>
> <xsl:attribute-set name="masterStart">
> <xsl:attribute name="extent">0mm</xsl:attribute>
</xsl:attribute-set>
>
> <xsl:attribute-set name="masterEnd">
> <xsl:attribute name="extent">0mm</xsl:attribute>
</xsl:attribute-set>
>
> <!-- boxes
> ==============================================================
-->
> <xsl:attribute-set name="simple_block_1"> <!-- note that you can
add
> an use-attribute-sets attribute to this attribute-set -->
> <xsl:attribute name="font-size">11pt</xsl:attribute>
<xsl:attribute

> name="font-family">sans-serif</xsl:attribute> <xsl:attribute
> name="space-after">1.5mm</xsl:attribute> </xsl:attribute-set>
>
> <xsl:template name="simple_block_2">
> <!-- this is an alternative to attribute-set, when formatting
> depends on context --> <xsl:attribute
> name="font-size">11pt</xsl:attribute> <xsl:attribute
> name="font-family">sans-serif</xsl:attribute> <xsl:if
> test="following-sibling::*"> <xsl:attribute
> name="space-after">1.5mm</xsl:attribute> </xsl:if>
> </xsl:template>
>
> </xsl:stylesheet>
>
> ---------------------------------------------------------------------
> To unsubscribe, e-mail: [hidden email]
> For additional commands, e-mail: [hidden email]


---------------------------------------------------------------------
To unsubscribe, e-mail: [hidden email]
For additional commands, e-mail: [hidden email]

Reply | Threaded
Open this post in threaded view
|

RE: Specifying styles or attribute sets in an FO document

JBryant
In reply to this post by Richard M
Hi, Richard,

> What I would like is a way to specify the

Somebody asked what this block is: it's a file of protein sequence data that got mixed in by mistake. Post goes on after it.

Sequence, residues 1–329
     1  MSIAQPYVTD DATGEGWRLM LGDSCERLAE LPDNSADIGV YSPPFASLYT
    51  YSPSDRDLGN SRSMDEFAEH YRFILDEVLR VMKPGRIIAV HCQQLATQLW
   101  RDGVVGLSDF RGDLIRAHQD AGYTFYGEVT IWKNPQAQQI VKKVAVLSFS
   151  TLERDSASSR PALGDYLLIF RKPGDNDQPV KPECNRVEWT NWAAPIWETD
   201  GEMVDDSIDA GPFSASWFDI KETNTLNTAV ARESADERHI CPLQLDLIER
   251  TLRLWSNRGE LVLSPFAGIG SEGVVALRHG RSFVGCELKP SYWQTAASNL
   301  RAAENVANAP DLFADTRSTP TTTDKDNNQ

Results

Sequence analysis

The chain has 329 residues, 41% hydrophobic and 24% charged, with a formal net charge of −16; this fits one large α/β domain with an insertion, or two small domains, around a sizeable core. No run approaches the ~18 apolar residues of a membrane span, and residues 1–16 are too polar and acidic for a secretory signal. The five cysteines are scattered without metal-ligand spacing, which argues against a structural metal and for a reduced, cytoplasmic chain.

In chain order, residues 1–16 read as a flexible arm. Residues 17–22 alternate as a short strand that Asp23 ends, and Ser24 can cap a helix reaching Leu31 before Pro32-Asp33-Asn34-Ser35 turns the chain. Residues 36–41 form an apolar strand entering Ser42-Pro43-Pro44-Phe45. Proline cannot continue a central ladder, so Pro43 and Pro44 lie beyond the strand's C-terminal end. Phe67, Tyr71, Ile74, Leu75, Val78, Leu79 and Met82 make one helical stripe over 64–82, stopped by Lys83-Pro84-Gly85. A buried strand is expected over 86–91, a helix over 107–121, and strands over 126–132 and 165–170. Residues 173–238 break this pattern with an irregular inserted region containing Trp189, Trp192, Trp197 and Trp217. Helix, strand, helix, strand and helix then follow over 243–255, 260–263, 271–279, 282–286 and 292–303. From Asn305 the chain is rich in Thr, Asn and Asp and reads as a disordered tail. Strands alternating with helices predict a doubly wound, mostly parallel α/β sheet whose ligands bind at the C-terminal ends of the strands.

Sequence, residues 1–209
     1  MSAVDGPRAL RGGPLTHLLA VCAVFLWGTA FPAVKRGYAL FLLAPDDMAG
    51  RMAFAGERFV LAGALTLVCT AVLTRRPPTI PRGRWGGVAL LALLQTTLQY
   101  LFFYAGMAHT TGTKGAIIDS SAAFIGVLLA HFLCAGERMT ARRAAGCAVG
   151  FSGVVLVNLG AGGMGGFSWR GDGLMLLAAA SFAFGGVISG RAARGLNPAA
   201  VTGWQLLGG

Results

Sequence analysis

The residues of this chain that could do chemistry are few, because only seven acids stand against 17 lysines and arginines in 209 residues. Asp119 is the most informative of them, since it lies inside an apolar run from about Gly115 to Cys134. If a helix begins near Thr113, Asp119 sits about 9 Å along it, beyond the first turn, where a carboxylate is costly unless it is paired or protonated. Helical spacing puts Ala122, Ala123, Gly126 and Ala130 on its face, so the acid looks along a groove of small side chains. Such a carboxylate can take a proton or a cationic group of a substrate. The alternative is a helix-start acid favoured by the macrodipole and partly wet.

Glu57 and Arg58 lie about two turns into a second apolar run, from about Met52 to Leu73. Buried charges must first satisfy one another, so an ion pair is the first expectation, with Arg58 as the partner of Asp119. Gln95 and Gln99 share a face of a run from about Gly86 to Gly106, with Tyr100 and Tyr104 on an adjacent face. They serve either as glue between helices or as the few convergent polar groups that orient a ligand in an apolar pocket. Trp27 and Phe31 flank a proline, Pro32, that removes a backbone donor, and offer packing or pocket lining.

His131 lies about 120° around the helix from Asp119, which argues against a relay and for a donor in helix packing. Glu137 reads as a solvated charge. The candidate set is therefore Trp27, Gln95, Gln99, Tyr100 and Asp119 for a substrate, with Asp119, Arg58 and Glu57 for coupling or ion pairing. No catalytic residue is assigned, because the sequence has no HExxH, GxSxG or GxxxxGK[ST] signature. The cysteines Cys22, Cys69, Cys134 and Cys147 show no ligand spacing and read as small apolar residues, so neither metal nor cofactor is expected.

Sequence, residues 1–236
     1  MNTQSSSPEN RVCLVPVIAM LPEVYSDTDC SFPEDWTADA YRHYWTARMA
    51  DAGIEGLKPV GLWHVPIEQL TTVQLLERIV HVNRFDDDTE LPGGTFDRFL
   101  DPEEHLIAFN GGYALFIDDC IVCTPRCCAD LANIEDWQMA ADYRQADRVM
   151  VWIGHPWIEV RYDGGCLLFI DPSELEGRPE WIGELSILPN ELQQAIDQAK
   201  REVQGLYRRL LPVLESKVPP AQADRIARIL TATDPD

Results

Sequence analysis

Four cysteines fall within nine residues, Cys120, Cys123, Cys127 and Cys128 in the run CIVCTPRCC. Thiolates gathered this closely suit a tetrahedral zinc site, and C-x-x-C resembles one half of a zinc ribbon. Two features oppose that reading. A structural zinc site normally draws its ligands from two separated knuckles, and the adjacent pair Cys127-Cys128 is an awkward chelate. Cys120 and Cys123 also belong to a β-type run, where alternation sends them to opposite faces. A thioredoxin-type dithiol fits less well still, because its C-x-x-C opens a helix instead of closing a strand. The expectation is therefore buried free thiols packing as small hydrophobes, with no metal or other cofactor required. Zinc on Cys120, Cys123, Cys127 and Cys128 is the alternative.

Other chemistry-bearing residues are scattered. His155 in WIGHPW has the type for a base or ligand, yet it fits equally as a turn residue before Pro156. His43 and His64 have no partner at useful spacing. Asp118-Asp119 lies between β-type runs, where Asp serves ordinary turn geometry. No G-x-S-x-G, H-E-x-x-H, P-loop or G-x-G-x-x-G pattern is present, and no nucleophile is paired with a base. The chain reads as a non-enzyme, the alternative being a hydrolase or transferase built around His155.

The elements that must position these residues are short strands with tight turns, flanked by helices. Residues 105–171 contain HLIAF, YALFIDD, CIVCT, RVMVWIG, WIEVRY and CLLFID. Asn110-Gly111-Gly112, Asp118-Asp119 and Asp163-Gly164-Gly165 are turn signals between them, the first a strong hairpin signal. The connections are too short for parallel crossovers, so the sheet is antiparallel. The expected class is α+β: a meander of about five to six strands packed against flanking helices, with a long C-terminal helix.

> attribute-set inline at the top of the .fo
> file and then reference them further down
> in fo layout statements.

That won't work in an FO file because FO doesn't know anything about
transformation. You are right in thinking that you'll have to get the
information through one of your Java-based steps in the process.

I think the "standard" solution is to use XSLT to produce the FO file,
which you indicate you are not doing. Given what little I understand of
your processing model, I would apply the styles in the JSP layer. That
would let me follow the general rule of applying style as late as possible
so that I can produce different output formats with as few "upstream"
changes to the process as possible.

FWIW

Jay Bryant
Bryant Communication Services
(presently consulting at Synergistic Solution Technologies)

---------------------------------------------------------------------
To unsubscribe, e-mail: [hidden email]
For additional commands, e-mail: [hidden email]

Reply | Threaded
Open this post in threaded view